Executive Briefings

CFOs Should Be as Concerned with Supply Chain Resilience as They Are About the Markets

Chief financial officer wear a lot of hats. They oversee the treasury, monitor our markets and position our companies for the future. Here's another hat they should be wearing: that of the champion of supply chain resilience.

This role entails taking a hard look at the vulnerabilities many companies have lurking in their supply chains. Manufacturers retain supply chain partners all over the world to take advantage of affordable labor, key customer clusters, and access to raw materials. This globalization, however, has made the typical company's supply chain more complex and distributed than ever, leading to potentially greater vulnerabilities.

Careful management of such complexity often yields the best business results. Supply chain executives are lauded for driving out costs, making supply chains "lean," and achieving just-in-time delivery.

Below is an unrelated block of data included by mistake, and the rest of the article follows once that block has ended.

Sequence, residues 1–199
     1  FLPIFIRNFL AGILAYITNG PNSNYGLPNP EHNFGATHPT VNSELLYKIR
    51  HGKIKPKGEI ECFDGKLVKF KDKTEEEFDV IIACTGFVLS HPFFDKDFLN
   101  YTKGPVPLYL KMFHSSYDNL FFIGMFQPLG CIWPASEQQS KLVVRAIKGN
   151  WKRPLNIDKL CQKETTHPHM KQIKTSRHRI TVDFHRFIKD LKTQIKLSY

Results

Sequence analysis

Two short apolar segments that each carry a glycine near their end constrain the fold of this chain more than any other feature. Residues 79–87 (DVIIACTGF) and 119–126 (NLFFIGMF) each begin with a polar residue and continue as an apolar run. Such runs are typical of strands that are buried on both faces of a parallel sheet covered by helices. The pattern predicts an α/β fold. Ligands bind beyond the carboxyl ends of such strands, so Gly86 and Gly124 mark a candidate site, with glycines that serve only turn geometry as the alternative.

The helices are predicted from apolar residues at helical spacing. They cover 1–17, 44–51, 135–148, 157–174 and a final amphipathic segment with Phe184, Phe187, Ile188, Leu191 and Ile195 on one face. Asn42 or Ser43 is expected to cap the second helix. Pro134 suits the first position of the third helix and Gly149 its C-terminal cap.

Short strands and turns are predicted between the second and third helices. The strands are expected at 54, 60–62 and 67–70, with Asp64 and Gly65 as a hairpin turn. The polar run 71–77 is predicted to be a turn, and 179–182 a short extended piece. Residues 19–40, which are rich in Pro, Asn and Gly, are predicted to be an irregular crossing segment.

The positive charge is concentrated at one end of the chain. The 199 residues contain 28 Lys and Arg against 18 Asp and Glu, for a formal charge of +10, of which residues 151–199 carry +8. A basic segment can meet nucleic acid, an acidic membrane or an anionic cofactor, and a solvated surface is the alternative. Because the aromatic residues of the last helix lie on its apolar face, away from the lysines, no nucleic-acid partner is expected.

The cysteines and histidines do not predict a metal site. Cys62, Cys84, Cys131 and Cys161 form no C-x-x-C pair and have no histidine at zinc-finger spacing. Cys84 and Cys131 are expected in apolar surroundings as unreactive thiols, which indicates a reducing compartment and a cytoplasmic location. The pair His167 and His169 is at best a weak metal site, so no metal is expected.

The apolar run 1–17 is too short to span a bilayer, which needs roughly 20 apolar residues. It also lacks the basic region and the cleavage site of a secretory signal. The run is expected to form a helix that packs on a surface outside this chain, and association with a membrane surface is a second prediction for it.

Streamlining a supply chain, however, can be a gamble. The same efficiency that keeps costs down often creates vulnerability. And when a brittle supply chain snaps, customers don’t get their products, companies lose revenue, brands are sullied, and the company suffers.

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This role entails taking a hard look at the vulnerabilities many companies have lurking in their supply chains. Manufacturers retain supply chain partners all over the world to take advantage of affordable labor, key customer clusters, and access to raw materials. This globalization, however, has made the typical company's supply chain more complex and distributed than ever, leading to potentially greater vulnerabilities.

Careful management of such complexity often yields the best business results. Supply chain executives are lauded for driving out costs, making supply chains "lean," and achieving just-in-time delivery.

Streamlining a supply chain, however, can be a gamble. The same efficiency that keeps costs down often creates vulnerability. And when a brittle supply chain snaps, customers don’t get their products, companies lose revenue, brands are sullied, and the company suffers.

Read Full Article